On the same day CAI filed its memorandum, the judge in the case, U.S. District Court Judge Lucy Koh, recused herself from the case; following her recusal, the hearing at which the court will decide whether or not to approve the settlement was postponed to Aug. 2, 2012.

One of CAI’s objections to the settlement is that it “provides inadequate injunctive relief to the class members, and especially to the sub-class of minors.”  Further, CAI believes that the settlement allows Facebook to continue to violate the California Family Code, which prevents minors from entering into a binding contract, and CAI objects to the proposed language in the settlement in which Facebook acknowledges it will still continue to use these “Sponsored Stories” ads without users permission. The only way for users to opt-out, according to the way the settlement is worded, is to wait until Facebook has used a user’s likeness or name in at least one “Sponsored Story.”

Many analysts have attributed Judge Koh’s decision to recuse herself to the fact that she has ties to many of the charities that are earmarked to receive a slice of the settlement.  In all, 15 charities chosen by Facebook are scheduled to share $10 million of the $20 million settlement.  Koh has ties to at least two of them.

Although there is currently much debate as to the how and why these charities were chosen to receive the cy  pres awards, CAI also objects to the settlement on the grounds that the other $10 million in the settlement is going to the legal team representing the plaintiff class.  In CAI’s view, this is an outrageous amount, considering that in other recent class actions that were litigated over several years and which involved a tremendous amount of discovery, prevailing attorneys received far less in fees.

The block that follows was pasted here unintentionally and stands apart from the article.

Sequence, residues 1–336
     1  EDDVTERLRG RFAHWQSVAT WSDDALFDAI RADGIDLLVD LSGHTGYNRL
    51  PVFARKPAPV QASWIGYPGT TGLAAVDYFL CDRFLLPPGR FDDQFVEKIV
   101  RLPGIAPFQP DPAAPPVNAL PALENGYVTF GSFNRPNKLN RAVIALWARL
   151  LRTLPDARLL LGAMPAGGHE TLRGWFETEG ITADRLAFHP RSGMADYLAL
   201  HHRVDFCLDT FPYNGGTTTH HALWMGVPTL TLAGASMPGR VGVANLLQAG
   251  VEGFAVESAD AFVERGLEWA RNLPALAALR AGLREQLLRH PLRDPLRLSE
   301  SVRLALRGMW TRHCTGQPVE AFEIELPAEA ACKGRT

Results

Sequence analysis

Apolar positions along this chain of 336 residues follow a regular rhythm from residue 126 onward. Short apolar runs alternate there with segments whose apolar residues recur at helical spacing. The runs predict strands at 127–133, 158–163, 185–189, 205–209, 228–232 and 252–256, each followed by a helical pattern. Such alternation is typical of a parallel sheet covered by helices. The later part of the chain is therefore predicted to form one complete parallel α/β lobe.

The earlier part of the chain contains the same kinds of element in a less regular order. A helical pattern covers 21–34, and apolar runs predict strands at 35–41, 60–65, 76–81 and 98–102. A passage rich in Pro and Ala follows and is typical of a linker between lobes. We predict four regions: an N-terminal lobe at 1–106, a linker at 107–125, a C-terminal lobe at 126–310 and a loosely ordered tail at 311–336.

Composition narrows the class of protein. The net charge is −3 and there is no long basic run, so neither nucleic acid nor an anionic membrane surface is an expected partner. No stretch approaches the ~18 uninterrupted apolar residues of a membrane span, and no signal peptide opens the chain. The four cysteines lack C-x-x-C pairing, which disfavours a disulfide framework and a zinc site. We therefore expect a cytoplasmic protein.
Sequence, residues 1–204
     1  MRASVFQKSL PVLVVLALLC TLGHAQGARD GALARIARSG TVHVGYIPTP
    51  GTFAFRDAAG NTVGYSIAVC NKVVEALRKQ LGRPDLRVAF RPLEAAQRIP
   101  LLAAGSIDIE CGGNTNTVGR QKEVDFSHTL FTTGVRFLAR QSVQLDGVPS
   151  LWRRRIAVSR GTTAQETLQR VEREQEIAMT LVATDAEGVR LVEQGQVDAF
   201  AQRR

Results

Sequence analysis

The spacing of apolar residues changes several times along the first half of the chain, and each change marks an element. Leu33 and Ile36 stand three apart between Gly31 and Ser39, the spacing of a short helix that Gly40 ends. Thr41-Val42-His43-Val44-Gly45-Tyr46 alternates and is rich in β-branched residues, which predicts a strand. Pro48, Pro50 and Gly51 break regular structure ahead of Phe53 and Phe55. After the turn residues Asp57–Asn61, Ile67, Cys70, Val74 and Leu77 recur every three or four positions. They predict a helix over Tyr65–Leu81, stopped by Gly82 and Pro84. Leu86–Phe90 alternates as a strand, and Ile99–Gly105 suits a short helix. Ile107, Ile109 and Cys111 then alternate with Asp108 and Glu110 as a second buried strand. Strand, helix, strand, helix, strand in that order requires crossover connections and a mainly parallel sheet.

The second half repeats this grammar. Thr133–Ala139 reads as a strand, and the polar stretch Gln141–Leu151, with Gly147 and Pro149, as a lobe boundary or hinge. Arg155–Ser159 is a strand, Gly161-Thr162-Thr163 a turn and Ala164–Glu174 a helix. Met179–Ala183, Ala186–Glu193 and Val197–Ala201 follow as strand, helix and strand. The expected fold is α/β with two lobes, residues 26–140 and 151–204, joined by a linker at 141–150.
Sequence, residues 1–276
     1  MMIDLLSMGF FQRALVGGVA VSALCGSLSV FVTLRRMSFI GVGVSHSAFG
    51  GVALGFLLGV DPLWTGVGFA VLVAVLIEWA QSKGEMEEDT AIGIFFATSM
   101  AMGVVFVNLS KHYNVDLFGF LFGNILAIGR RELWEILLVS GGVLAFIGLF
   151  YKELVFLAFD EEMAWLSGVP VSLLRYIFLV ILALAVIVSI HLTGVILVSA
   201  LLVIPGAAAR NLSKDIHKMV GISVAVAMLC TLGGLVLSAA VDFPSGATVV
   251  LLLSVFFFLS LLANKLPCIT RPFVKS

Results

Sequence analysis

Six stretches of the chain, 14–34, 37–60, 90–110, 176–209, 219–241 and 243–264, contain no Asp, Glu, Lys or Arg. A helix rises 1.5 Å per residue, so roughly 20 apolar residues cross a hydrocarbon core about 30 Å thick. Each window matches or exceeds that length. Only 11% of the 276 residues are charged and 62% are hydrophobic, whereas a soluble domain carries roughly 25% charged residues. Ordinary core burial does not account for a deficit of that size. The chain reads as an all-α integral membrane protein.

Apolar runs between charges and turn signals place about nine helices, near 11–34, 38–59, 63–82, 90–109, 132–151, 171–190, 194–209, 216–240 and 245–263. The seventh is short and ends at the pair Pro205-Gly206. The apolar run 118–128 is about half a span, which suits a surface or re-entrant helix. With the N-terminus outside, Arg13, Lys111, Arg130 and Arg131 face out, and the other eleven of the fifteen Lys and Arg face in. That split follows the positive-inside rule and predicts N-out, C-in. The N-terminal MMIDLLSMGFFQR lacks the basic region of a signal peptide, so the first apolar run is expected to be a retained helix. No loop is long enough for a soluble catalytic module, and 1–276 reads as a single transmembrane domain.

As CAI stated in its amicus filing, “the stipulated attorneys’ fees are excessive, especially in light of the fact that the class receives no monetary compensation and the minors of the sub-class (and their parents) would continue to have their rights violated.”

You can read a PDF of CAI’s Amicus Memorandum objecting to the settlement in Fraley, et al v. Facebook.

CAI Submits Writ of Certiorari Petition to US Supreme Court

On Wednesday, July 11, 2012 the Children’s Advocacy Institute, together with co-counsel Winston & Strawn, filed a petition with the U.S. Supreme Court asking it to rule on a foster child’s ability to seek relief in federal court.    The petition, known as a Writ of Certiorari, urges the Supreme Court to decide whether it was appropriate for a federal court to refuse to hear a case brought by foster children.

In March of this year, the Ninth Circuit Court of Appeals entered an opinion in the case of E.T. et al., v. Tani Cantil-Sakauye, which basically bars foster children from turning to the federal courts for relief when the state systems designed to protect them from abuse and neglect have failed, often because they are overburdened.